I find myself comparing MYSELF to the people in those feeds. Good ole’ social media jealousy. I could train myself to be less jealous, more content but wouldn’t it be easier to remove the things that don’t bring me happiness?
Sure, I could delete social media from my life entirely. But then I would be losing a lot of wonderful conversations, connections with old friends, news catchups, and book recommendations. So I decided to do a deliberate evaluation of who I follow on social media. I don’t have all the answers, but here’s what worked for me.
The best part about deleting/unfollowing — seeing MORE of what you do love. I was missing so many posts by my favorite people/brands because there was so much clutter in my feeds.

Continue reading “Unfollowing…”

What I’ve Been Listening to: Podcasts

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  • The Influence Podcast : The Influence Network is a community of women dedicated to serving others and God. This podcast features interviews with small business owners, discussions with women about their faith and honest conversations about “doing it all.” I love that each week is something a little bit different!
  • Happier with Gretchen Rubin : From the author of The Happiness Project and Happier at Home, Gretchen Rubin. This podcast is short, sweet and to the point. It starts with a “try this at home” that gives you tips and tricks to make your life a little happier and ends with “happiness gold stars and demerits” where Gretchen and her sister share things that have made them happier or less happy throughout the week. I love this one because I can finish it on the way to work and it always leaves me in a good mood!
  • Book Riot : This is the original podcast from BookRiot.com that shares book news weekly. I love learning more about the industry! The hosts are straight-shooters about the problematic nature of publishing and have a real heart for diversity — in short, everything they do is in my wheelhouse!
  • All the Books : Despite having more books on my “to read” list than I could read in a lifetime, I am always looking for new books to add to the list. All the Books is hosted by Book Riot contributors and features new (and new in paperback releases).
  • Reading Lives : As a self-professed book nerd, I love hearing about how others discover and interact with books.
Note: though I’ve linked to the show pages for each podcast, I primarily listen to these through iTunes on my computer or the Podcast app on my iPhone.

UK National Poetry Day 2014

Today is National Poetry Day in the UK! In lieu of subjecting you to my own poetical musings, I wanted to share one of my favorite poems.

Lesbos by Sylvia Plath

Viciousness in the kitchen!
The potatoes hiss.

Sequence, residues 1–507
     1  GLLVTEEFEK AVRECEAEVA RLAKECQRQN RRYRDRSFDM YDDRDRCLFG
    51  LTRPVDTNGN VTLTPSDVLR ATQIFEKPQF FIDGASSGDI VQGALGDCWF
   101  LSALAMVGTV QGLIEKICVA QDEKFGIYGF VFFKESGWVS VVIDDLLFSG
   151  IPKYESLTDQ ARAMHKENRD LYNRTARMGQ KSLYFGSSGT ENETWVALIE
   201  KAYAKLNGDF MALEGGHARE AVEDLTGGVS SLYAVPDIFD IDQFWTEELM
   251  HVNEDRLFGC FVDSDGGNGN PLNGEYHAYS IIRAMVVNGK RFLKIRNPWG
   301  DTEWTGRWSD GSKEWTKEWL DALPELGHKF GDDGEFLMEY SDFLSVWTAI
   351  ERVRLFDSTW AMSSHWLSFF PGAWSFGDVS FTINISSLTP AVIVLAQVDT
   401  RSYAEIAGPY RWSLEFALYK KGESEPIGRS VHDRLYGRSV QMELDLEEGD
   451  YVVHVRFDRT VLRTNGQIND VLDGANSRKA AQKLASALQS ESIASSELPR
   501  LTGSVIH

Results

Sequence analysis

It is all Hollywood, windowless,
The fluorescent light wincing on and off like a terrible migraine,
Coy paper strips for doors
Stage curtains, a widow’s frizz.
And I, love, am a pathological liar,
And my child look at her, face down on the floor,
Little unstrung puppet, kicking to disappear
Why she is schizophrenic,
Her face is red and white, a panic,
You have stuck her kittens outside your window
In a sort of cement well
Where they crap and puke and cry and she can’t hear.
You say you can’t stand her,
The bastard’s a girl.
You who have blown your tubes like a bad radio
Clear of voices and history, the staticky
Noise of the new.
You say I should drown the kittens. Their smell!
You say I should drown my girl.
She’ll cut her throat at ten if she’s mad at two.
The baby smiles, fat snail,
From the polished lozenges of orange linoleum.
You could eat him. He’s a boy.
You say your husband is just no good to you.
His Jew-Mama guards his sweet sex like a pearl.
You have one baby, I have two.
I should sit on a rock off Cornwall and comb my hair.
I should wear tiger pants, I should have an affair.
We should meet in another life, we should meet in air,
Me and you.

Meanwhile there’s a stink of fat and baby crap.
I’m doped and thick from my last sleeping pill.
The smog of cooking, the smog of hell
Floats our heads, two venemous opposites,
Our bones, our hair.
I call you Orphan, orphan. You are ill.
The sun gives you ulcers, the wind gives you T.B.
Once you were beautiful.
In New York, in Hollywood, the men said: “Through?
Gee baby, you are rare.”
You acted, acted for the thrill.
The impotent husband slumps out for a coffee.
I try to keep him in,
An old pole for the lightning,
The acid baths, the skyfuls off of you.
He lumps it down the plastic cobbled hill,
Flogged trolley. The sparks are blue.
The blue sparks spill,
Splitting like quartz into a million bits.

O jewel! O valuable!
That night the moon
Dragged its blood bag, sick
Animal
Up over the harbor lights.
And then grew normal,
Hard and apart and white.
The scale-sheen on the sand scared me to death.
We kept picking up handfuls, loving it,
Working it like dough, a mulatto body,
The silk grits.
A dog picked up your doggy husband. He went on.

Now I am silent, hate
Up to my neck,
Thick, thick.
I do not speak.
I am packing the hard potatoes like good clothes,
I am packing the babies,
I am packing the sick cats.
O vase of acid,
It is love you are full of. You know who you hate.
He is hugging his ball and chain down by the gate
That opens to the sea
Where it drives in, white and black,
Then spews it back.
Every day you fill him with soul-stuff, like a pitcher.
You are so exhausted.
Your voice my ear-ring,
Flapping and sucking, blood-loving bat.
That is that. That is that.
You peer from the door,
Sad hag. “Every woman’s a whore.
I can’t communicate.”

I see your cute decor
Close on you like the fist of a baby
Or an anemone, that sea
Sweetheart, that kleptomaniac.
I am still raw.
I say I may be back.
You know what lies are for.

Even in your Zen heaven we shan’t meet.